Locked Out

As I’ve mentioned, not only am I fascinated by disasters and their root causes and how we react, I’m also fascinated by how we take steps to prevent them.  In my book IT Disaster Response: Lessons Learned in the Field I discuss the idea of blue-flagging on railroads.  The important concepts were two-fold: 1) a method of indicating that the train should not be moved and 2) controls on who could remove that indication.

During my recent power outage, I came across something similar.  It should be the featured image for this article.  It’s basically an orange flag locked to a utility pole.  Note the key word there, locked.

The photo doesn’t show the fact that this utility pole contained circuit breakers (I believe that’s the proper term in this context) for the overhead power lines. They had been tripped as a result of a tree further down the road taking out all three supply lines.

Close up of orange flag on utility pole, along with tag with lock-out information

Close-up with tag and flag.

So let’s analyze this a bit:

The orange flag itself was VERY visible. This ensures any other crews that might be in the area that there is something they need to notice.

There is a tag with detailed information. It’s hard to see in the above photo, but it includes who tagged it, the location, and date and some other information.

What’s not clear, is it’s padlocked to the pole.

Now, to be clear, this is NOT a physical lock-out like you see on some power panels (i.e. where the padlock physically prevents the circuit-breaker from being opened or closed).

In this case, a physical lock-out would most likely have to be placed 30′ in the air at the top of the pole where it wouldn’t be easily noticed.

But that said, this served its purpose. It alerted other crews to a danger in the area and presumably can only be removed by the person who put it there. And it contains information on that person so they can be reached if there are questions.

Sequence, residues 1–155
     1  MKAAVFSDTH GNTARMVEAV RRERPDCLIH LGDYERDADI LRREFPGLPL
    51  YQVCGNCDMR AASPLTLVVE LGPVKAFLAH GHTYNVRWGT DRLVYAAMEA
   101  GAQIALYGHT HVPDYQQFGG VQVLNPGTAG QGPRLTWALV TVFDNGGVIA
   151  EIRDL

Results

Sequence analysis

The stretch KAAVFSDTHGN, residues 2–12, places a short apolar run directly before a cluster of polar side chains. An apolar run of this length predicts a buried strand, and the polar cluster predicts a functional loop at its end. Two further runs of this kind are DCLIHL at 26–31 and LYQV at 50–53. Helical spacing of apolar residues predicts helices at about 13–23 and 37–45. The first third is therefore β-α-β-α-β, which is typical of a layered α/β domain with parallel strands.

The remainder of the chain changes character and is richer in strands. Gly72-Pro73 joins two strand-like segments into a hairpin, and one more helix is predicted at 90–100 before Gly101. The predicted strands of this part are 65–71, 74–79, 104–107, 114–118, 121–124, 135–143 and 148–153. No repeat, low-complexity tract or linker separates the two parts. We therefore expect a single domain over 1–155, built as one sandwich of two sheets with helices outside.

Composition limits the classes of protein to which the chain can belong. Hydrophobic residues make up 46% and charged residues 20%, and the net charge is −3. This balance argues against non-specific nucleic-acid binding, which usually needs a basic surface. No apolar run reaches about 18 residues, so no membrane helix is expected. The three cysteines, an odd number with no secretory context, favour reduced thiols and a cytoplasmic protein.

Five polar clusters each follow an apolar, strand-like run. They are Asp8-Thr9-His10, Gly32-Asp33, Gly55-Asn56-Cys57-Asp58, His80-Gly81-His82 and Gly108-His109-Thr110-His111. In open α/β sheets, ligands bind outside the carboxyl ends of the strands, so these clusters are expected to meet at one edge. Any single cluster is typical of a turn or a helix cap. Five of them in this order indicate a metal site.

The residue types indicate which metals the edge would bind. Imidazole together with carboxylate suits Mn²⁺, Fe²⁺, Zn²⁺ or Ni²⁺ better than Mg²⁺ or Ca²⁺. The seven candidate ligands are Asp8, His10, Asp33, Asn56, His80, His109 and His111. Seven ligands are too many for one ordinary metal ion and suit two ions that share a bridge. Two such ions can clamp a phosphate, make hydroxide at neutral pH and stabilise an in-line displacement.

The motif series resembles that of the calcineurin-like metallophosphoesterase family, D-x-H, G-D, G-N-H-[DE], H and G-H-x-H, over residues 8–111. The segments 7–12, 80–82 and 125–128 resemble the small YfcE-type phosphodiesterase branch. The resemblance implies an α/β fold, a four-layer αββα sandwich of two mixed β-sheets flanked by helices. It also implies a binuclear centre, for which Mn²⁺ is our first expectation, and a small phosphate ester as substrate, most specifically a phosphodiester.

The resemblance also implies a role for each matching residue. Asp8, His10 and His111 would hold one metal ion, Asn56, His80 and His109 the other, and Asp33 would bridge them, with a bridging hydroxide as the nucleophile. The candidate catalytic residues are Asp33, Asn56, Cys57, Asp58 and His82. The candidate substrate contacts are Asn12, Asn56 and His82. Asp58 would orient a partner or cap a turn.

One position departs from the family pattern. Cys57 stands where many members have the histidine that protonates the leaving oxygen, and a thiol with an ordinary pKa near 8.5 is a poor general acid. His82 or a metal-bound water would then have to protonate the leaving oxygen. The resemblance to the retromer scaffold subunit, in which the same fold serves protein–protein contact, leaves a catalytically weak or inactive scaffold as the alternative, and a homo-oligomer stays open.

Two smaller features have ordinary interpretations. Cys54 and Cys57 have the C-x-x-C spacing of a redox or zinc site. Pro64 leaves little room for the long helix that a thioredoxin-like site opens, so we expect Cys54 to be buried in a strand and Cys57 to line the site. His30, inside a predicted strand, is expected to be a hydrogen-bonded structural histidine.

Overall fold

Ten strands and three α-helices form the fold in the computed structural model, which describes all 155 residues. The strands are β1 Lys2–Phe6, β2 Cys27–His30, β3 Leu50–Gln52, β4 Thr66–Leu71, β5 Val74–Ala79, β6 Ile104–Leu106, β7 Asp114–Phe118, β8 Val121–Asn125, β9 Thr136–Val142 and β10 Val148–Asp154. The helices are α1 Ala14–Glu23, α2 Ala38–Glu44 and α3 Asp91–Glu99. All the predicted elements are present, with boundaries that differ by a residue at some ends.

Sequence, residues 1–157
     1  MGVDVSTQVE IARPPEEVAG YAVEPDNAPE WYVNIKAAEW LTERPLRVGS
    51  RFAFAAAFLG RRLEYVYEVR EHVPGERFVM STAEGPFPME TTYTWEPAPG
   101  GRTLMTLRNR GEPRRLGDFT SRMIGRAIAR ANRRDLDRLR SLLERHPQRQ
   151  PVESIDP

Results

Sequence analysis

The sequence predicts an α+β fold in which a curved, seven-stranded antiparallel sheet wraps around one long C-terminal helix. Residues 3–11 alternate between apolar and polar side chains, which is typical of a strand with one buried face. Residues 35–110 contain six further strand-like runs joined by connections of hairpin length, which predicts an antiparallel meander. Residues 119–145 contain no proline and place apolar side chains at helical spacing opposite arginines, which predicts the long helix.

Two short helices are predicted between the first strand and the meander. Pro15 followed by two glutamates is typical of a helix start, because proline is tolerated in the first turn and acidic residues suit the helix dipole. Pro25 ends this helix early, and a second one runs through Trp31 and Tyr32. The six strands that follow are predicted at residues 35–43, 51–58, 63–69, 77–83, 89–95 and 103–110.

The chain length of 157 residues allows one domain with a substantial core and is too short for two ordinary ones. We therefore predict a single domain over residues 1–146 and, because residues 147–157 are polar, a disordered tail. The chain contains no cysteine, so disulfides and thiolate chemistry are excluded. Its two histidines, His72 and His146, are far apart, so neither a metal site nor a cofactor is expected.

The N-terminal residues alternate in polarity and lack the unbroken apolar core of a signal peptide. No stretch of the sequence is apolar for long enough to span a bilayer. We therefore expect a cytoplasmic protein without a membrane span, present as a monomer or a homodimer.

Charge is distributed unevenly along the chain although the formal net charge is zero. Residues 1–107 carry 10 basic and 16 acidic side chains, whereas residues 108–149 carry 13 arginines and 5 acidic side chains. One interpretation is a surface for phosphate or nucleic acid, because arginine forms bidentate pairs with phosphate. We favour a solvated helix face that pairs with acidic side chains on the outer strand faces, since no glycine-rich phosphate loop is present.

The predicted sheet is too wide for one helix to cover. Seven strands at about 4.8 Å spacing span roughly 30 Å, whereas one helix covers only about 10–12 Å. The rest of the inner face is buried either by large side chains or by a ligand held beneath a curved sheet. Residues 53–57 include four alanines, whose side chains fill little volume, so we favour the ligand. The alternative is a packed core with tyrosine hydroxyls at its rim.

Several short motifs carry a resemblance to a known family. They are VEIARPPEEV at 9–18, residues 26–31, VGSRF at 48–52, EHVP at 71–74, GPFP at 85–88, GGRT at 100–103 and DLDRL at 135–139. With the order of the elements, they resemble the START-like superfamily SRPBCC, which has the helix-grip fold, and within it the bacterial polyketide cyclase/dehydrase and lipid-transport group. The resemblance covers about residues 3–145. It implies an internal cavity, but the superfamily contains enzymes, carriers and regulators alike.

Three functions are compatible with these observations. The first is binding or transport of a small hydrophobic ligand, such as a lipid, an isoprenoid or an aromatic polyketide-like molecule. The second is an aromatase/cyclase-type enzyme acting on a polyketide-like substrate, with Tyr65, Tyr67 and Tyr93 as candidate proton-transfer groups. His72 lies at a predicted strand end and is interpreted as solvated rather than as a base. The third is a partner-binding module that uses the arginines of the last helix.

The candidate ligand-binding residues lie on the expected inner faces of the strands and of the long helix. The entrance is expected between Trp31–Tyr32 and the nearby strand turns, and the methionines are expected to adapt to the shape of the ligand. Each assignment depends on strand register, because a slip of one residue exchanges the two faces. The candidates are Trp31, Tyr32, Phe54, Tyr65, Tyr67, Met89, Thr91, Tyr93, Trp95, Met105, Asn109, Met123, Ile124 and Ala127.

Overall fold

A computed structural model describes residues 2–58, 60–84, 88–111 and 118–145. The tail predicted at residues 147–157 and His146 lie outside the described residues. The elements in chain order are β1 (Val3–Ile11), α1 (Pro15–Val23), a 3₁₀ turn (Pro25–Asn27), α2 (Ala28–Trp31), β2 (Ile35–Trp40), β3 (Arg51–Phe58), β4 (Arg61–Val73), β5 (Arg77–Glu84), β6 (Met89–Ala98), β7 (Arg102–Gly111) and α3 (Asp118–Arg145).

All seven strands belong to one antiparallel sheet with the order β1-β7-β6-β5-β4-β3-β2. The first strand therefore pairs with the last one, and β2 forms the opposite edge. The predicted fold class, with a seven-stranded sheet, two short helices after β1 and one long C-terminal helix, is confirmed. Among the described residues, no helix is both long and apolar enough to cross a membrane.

Since power was restored within 1 hour and I didn’t hear of any reports of line worker getting electrocuted, this appears to have worked.

Today’s take-away: when you have a change from the normal state of operation, what steps can you take to ensure that others don’t try to return items to a normal state of operations without confirming things first? By the way, for a good read-up on how bad things can go when intentions about a non-standard mode of operation don’t get properly communicated, I recommend reading up on the events leading up to the Chernobyl disaster.

Procedures are important. Deviating from them can have serious consequences. Do what you can to minimize the possibility of deviations.

 

3 thoughts on “Locked Out

  1. “Procedures are important. Deviating from them can have serious consequences. Do what you can to minimize the possibility of deviations.”

    I have to say I’m not entirely comfortable with that statement. Yeah, there are some procedures (such as tag outs and lock outs) that should NEVER be deviated from… But procedures can also become straightjackets. Or worse yet, crutches – “the accident wasn’t my fault, I was following procedures!”

    Procedural compliance is no substitute for educated operators and alert and intelligent operations.

    FWIW, when I was in the Navy we had a wide range of procedural compliance levels for different procedures… They ranged from “OK, at least have the book containing the procedure out at the console” to “Thou shalt not deviate from this procedure or it’s prerequisites, or it’s tools and materials list, by even the slightest amount”.

    • Thanks. I think you’re very right Procedures have a place and knowing WHY and the impact of violating them or NOT violating them is a critical skill.

      More so, if I can remember in a week, I may try to write a more nuanced post on this topic. There’s actually a lot to unpack here.

  2. Pingback: Failure is Required | greenmountainsoftware

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